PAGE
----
Book Review: Open: What Happens When You Get Real, Get Honest and Get Accountable

Tuesday, November 19, 2013

What Happens When You Get Real, Get Honest, and Get AccountableBy Craig Gross, with Adam Palmer
Published by Thomas Nelson

Growing up in the church, I've heard the word "accountability" tossed around in a number of different contexts. Accountability partners, accountability small groups, etc seemed to be all the rage in my church throughout middle school and high school. These meetings usually involved a gathering of students in the same grade and gender, and we were encouraged to share our life struggles with one another. While a lot of fun and some support happened during those groups, I wouldn't quite call it accountability. Not in the purest sense of the word, at least. 

Author Craig Gross does an excellent job of laying down the case for the accountability: our need for it in society, in our relationships, in our churches-- in everything. He gives multiple examples from both sides of the coin-- those who have sought and accepted accountability from others and those who have recklessly lived their lives without anyone to keep them in check. Its no mystery that if left to our own devices, sin will rule our hearts. But when we desire a deeper relationship with Christ, and truly seek to live life to its fullest, accountability for our recurring sins is a natural by-product of that commitment. 

A large portion of this book is devoted to reasons we need accountability. While I agreed completely with everything the author wrote about this subject, it seemed a little bit redundant at times. Or perhaps it is because I grew up with the concept already ingrained in my lifestyle. If accountability is a completely new and foreign concept to someone, I can see how this portion of the book would be helpful. Craig Gross does a good job of presenting what accountability is and is NOT. Like I mentioned before, accountability can mean a lot of things to a lot of people, and I greatly appreciated his concept and blue plan, if you will, for what effective accountability should look like. Gross writes, "... accountability is not about sitting across from someone as a judge, but about sitting next to him as an advocate." All too often, we shy away from accountability for fear of being judged, when in fact, judging should have no place in an accountable relationship. Its about restoring and renewing a person, and encouraging them to continually battle the struggles in their lives.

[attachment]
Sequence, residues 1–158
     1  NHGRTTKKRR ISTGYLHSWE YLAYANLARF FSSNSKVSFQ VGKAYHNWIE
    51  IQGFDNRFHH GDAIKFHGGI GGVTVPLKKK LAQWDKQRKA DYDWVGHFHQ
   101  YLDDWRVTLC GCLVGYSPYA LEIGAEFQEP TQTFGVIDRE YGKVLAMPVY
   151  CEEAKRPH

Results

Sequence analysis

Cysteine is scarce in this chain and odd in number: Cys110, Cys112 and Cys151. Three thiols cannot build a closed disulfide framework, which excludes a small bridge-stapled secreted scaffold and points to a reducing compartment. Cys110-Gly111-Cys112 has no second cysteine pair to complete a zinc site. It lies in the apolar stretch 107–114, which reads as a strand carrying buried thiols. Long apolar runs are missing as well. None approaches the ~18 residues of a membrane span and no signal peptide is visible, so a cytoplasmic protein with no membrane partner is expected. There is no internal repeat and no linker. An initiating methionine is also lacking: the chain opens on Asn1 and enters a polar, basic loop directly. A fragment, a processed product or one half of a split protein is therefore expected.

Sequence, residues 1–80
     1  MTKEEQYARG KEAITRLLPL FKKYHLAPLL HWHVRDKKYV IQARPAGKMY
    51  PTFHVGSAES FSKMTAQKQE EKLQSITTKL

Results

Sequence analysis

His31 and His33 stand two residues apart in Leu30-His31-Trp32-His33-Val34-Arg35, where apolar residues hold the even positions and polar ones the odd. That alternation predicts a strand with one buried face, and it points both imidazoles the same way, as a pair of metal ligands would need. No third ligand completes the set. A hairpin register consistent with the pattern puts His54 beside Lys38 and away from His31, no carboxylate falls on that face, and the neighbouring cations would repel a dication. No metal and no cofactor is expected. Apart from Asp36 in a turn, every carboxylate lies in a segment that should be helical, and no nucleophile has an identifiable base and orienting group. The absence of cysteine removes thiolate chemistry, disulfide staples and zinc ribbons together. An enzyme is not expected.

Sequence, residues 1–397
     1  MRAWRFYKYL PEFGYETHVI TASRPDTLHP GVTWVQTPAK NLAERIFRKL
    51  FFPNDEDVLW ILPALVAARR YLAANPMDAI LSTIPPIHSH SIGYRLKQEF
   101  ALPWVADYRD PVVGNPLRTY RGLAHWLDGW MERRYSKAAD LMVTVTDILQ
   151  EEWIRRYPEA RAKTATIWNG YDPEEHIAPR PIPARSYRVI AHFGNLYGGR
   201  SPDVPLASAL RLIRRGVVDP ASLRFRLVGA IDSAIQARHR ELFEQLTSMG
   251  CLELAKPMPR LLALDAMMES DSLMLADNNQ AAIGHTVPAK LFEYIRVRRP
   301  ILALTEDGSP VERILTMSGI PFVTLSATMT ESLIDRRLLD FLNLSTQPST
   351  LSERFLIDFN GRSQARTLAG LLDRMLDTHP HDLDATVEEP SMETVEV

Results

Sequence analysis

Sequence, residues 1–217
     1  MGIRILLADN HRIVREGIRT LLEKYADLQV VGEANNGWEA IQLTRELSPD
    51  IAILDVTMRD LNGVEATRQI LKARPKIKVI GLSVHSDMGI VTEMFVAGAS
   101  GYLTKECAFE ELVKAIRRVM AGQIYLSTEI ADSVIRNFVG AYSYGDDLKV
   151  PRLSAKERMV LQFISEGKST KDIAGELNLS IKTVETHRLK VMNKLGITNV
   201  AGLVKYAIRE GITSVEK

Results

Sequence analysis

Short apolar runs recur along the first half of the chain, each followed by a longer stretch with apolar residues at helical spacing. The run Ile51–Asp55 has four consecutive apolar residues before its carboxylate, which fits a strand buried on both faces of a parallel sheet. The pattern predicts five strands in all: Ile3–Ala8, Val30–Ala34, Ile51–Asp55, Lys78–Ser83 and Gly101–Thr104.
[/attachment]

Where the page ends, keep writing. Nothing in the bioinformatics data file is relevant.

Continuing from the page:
I do have to say there was one part of the book which I really did not care for, and that was Gross's take on small groups. I believe he was trying to make the point that a small group (usually sponsored by your church, consisting of couples or others in your similar life stage) is not the place for nitty-gritty accountability. I agree with that, recognizing that its hard for a husband to talk about his pornography addiction or in front of other mens' wives (or something like that), but I do feel the way in which he talked about small groups as a whole was very unfair. He has obviously not had a good experience with any small group, and as such, I believe he's unqualified to make some of the negative statements he did about small groups as a whole. I have been part of both good and bad small groups. But here's the deal: the thing that made them good or bad had nothing to do with the concept of a small group or even the other people involved... it had entirely to do with ME and where my heart was. We are currently in a small group that is an extension of several other accountability relationships that I have. While we may not go into detail, our small group is striving to become a place where accountability in our marriages, parenting, spiritual life, etc is something we strive for. This looks different than a one on one or smaller group accountability, but it is a continuation of that. *OK, off my soap box.*

Overall, the book is a good read and can be valuable for someone who is looking to establish an accountability relationship with someone else. It would be a good book for accountability partners or groups to read together, so as to all be on the same page. Authenticity and honesty is crucial, so having everyone on the same page is a good place to start. 

I was given a copy of this book by BookSneeze in exchange for my review. All opinions are my own. I was not required to write a positive review.

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